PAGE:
I’m a visual persons so-I see it as, airy, and dreamy. Poetic, I would describe your work as and I think that’s why I was so drawn to the artwork too, because I think your lyrics and tone and that everything about your music works so well with this album art, or I almost see it like as like, oh, like, in a way. It’s like a reimagination of a poetry book. I could imagine going into a bookstore and seeing that this artwork on like a shelf and reading is beautiful poems.

So beautiful. I love that way of describing.

I recently renamed the platform from Thrifts and Prints to You’re Going to Make Something Great. The inspiration behind that was the thought that everyone can be an artist if they want to-everyone has something within them to make something great. How would you interpret that message, you’re going to make something great how, like, in terms of musicians, maybe younger musicians who don’t think this is like a viable career choice are something that they are good enough to do? What advice would you give?

I would say if it’s something that you really care about, and something you’re passionate about, you should go for, like whether it’s music or if it’s anything else. I think you just have to be realistic and recognize that it’s going to take a lot of work and it’s not something that just is gonna fall in your lap, you know? Yeah. but if regardless of all of that, it’s still what you want to do, then you should do it because like, it’s better to be kind of struggling and doing something that you love than like, you know, being really comfortable like hating your job or whatever.

Definitely agree. How do you feel about the music scene in Boston? What are some areas you think are really awesome? And what are some areas you think could improve on in terms of like the city as a whole or even just like the college lifestyle there?

Yeah, I really am enjoying the scene in Boston. It’s funny because it’s, All of our friends, like a lot of us, go to Berklee, we all kind of play on the same boat. And we played the same house shows and small venues and stuff. So it’s pretty tight-knit, I would say, and I like it for that reason.

Something that I don’t like that much about it is that Boston is a city that doesn’t have very many smaller venues. I feel like it’s either like you play a house show, I don’t know, there’s like a few places that are like, really small, like 100 Count, maybe you’re even smaller than the next step up is like, too far, you know? There’s not like an in-between, between, like, really small venues and big venues, if that makes sense. That’s why I’m excited to go to New York because I feel like a bigger range of venues. So it’s not such a big jump from playing house shows to play a small 100 200 cap venue?

When you look at your life in 10 years, what goals you have with music? Or do you? Like even tell me if you hate that question? I think it’s like daunting.

It’s definitely daunting, but I feel like it’s something you have to think about. Yeah. But I guess I would say in 10 years, I definitely want to have a bigger audience than I do. Now. I don’t want to be playing bigger venues. I still want to be performing and everything will be like 31 at that point. But maybe just being like a more established musician. Doing some like teaching.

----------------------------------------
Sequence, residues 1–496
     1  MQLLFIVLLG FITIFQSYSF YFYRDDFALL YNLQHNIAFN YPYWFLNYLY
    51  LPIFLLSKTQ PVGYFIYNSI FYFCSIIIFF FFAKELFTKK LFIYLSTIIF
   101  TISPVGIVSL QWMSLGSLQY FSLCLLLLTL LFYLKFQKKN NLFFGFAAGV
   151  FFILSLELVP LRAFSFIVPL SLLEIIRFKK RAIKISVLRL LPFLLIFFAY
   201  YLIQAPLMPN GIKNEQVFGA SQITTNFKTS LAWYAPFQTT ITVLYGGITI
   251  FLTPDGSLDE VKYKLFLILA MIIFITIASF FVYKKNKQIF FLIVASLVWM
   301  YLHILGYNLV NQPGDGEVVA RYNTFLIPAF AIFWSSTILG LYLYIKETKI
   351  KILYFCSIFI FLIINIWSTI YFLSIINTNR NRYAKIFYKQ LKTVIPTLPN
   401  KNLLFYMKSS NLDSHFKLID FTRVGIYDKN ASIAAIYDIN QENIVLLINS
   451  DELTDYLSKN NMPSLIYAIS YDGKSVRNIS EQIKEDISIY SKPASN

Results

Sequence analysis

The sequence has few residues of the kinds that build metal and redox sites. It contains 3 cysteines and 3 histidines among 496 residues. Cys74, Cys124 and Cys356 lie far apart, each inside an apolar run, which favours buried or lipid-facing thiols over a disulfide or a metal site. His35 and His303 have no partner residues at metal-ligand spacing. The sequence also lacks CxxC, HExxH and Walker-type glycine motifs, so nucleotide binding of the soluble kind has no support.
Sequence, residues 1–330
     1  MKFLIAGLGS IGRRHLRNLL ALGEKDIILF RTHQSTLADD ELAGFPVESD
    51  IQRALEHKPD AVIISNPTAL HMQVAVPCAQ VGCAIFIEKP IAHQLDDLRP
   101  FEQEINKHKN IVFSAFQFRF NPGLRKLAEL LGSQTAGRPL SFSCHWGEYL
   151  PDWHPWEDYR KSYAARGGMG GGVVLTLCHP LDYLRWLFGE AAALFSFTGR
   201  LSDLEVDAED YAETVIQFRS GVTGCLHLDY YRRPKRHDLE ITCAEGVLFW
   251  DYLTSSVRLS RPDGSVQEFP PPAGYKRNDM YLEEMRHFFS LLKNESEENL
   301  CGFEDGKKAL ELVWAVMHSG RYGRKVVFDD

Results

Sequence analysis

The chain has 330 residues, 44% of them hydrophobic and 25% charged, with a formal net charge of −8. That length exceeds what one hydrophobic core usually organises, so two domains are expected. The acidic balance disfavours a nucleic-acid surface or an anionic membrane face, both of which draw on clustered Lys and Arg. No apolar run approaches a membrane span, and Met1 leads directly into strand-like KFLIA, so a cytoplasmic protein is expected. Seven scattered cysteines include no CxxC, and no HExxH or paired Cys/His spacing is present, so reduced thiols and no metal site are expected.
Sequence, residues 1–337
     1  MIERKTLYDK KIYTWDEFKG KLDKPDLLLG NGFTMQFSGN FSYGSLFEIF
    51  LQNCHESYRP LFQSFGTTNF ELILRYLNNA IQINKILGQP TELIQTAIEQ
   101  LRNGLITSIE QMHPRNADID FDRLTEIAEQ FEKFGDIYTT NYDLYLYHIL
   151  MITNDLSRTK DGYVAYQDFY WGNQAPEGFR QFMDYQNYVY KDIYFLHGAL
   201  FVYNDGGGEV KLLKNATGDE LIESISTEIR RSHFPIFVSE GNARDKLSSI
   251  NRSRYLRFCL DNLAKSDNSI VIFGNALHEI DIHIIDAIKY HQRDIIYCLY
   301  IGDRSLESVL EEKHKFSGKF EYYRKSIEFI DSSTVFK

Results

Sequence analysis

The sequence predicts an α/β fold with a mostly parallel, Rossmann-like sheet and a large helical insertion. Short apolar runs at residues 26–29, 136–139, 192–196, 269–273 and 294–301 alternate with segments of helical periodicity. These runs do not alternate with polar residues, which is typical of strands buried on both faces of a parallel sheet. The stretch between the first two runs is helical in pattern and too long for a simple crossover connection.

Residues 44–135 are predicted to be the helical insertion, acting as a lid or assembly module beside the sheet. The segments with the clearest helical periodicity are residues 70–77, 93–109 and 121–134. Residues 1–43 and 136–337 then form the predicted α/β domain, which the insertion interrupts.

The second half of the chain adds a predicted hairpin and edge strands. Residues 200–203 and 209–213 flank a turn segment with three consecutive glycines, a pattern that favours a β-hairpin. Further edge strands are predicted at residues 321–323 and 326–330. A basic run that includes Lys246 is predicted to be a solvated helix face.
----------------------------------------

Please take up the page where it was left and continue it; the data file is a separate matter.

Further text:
Who are your all-time favorite artists or groups of artists and musicians that have inspired you through your life? Like do you have one band or something?

I would say, I guess like right now, John Coltrane is something like the top of my list. When I was younger, I listened to a lot of Smashing Pumpkins and Nirvana. Now I listen to more Jazz. So like, I guess I’d say, Coltrane, Monk, Charlie Parker, Keith Jarrett. Evans and Jim Hall. Like the classics.

You write all your songs. Where do you draw inspiration for the lyrics? And when it comes to that process? What’s your first steps?

I feel like I usually start with a chord progression. Honestly, a lot of my songs come from a new voicing for a chord or something. And I’m like, Wow, that sounds really cool. And then, I build off of that. The melody kind of comes at the same time sometimes, like when I’m playing voicings and melody often comes from like, the top note, voicing. And then lyrics after that. My lyrics are mostly just inspired by people I love. I feel like I read about people a lot. And like love-I’m trying to, like expand the subject matter of my lyrics, because like, all of my songs are love songs. is true. But since it’s in Japanese, I’m like, not that worried about it. Because most people don’t even know what I’m saying here. Yeah. Yeah. But yeah, I would say that’s like, my writing process for the most part.

You’re writing in Japanese, how does that inspire you and the way you present your music to the world?

I’m half Japanese, and I grew up here in the US. But I feel like it’s like a really important part of my identity for me personally because my mom is Japanese. And she just raised me that way, you know, like, the way that we are in the house, and the only speaking Japanese to each other and everything. As I was growing up, I didn’t really have other people to speak Japanese to. So for me, writing in Japanese was a way of staying in touch with the language, the culture, through my art, and also like I write so differently in Japanese than I do in English. Just like the words that I come up with, and like, the rhythms of the words, I guess, are very different than writing in English just because like the syllables fit differently.

Follow Mei’s Spotify

Keep up with her on Instagram